It is unclear what caused Friday's derailment and blast, or even whether the Alabama & Gulf Coast Railway was one of the lines that Hellmann had deemed problematic. Jasper, who took the job in April, said the new owners had made some improvements to the "track structure".
A company spokesman could not be reached over the weekend for comment.
But Friday's incident is likely to increase the focus on the safety of booming oil-by-rail freight, raising the risk of tougher standards or costlier regulations that may eat into operators or rail shippers margins.
Short-line railroads, which connect smaller stations to higher-speed mainline tracks run by big operators like Union Pacific Corp and Warren Buffett's BNSF, have become increasingly important as oil shipments by rail surge across the United States.
As the rapid growth of U.S. shale oil output has outpaced the rate of pipeline construction, the geographic reach of railway lines has made crude-by-rail an attractive option.
From next to nothing four years ago, railways now transport nearly one-tenth of U.S. crude output, or around 800,00 barrels per day.
Russ Quimby, a retired National Transportation Safety Board investigator and a rail consultant, said that while more profitable mainline railroads had been able to invest in their infrastructure, smaller branch lines had been caught off-guard.
"The little railroads, they're still trying to catch up, but they have become in many cases vital links because of the increase in traffic," he said.
Genesee said the derailment "occurred in the vicinity of a 60-foot-long, 10-foot-high wooden trestle."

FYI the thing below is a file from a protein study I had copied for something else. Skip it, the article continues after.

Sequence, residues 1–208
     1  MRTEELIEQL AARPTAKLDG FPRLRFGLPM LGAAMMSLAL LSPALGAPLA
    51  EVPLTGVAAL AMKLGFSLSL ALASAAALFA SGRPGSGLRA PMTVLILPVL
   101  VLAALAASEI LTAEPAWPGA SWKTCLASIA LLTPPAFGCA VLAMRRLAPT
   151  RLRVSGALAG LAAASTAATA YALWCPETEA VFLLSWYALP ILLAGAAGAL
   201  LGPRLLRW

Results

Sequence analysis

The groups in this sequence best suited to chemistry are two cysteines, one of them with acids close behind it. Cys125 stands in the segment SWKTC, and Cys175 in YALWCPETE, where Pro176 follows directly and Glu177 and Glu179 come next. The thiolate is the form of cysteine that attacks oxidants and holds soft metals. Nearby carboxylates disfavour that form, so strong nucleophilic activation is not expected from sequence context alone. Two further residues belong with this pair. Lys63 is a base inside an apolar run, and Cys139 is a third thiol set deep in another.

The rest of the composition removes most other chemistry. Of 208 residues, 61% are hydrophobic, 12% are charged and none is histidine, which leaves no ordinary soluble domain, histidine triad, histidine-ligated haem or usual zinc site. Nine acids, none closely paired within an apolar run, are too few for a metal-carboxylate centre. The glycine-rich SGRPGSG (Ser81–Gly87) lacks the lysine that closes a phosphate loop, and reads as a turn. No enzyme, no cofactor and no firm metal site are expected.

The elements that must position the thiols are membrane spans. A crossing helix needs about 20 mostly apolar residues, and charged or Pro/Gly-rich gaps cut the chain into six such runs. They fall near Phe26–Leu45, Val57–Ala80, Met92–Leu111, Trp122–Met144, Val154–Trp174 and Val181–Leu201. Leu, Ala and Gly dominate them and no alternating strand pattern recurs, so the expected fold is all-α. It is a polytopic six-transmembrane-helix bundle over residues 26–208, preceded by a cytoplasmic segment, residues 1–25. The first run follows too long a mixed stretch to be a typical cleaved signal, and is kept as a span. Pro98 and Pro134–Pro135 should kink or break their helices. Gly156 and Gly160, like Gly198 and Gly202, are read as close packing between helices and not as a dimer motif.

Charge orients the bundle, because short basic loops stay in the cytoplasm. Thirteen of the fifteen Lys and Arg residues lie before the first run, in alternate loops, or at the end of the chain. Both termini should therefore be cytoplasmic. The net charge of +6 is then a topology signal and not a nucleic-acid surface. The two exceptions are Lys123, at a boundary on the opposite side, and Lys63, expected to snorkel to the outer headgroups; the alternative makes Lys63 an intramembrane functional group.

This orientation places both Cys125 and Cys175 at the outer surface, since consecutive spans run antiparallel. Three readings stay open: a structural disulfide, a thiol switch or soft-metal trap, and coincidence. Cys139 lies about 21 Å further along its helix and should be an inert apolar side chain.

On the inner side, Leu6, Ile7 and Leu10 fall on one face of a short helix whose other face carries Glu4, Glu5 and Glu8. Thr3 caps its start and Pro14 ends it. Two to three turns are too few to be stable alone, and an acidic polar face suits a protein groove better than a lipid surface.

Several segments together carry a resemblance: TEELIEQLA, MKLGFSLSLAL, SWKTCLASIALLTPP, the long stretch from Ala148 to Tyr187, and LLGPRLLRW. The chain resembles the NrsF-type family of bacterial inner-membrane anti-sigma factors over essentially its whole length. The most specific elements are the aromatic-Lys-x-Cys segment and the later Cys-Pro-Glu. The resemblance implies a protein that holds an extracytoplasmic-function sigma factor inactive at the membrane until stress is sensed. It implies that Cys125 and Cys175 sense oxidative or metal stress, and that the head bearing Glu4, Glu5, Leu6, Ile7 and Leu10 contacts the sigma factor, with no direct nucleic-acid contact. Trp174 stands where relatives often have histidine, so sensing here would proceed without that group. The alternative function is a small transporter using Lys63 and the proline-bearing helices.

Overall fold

Quimby noted that wooden structures like trestles -- or bridges -- are particularly vulnerable in southern states. The trestles often traverse marshy, humid areas or rivers, leaving them open to attack from rot, insects and fungus.
But Alabama & Gulf Coast Railway's Jasper told Reuters that there was no indication that the trestle was a cause.
"It's just a coincidence that it was in the proximity of the trestle," he said, adding that it was a very short bridge and the exact point of the derailment was still unclear.
On December 15, 2012, the same rail line experienced a smaller derailment of a freight train in the same area, according to Federal Railroad Administration data.
In Friday's incident, Genesee said the train was hauling 90 T108 tank cars, not the more popular DOT-111s, which have been faulted by regulators for being prone to puncture. The rail industry voluntarily adopted new standards for the 111s from October 2011, but has resisted efforts to revamp previous versions because they say it would cost $1 billion.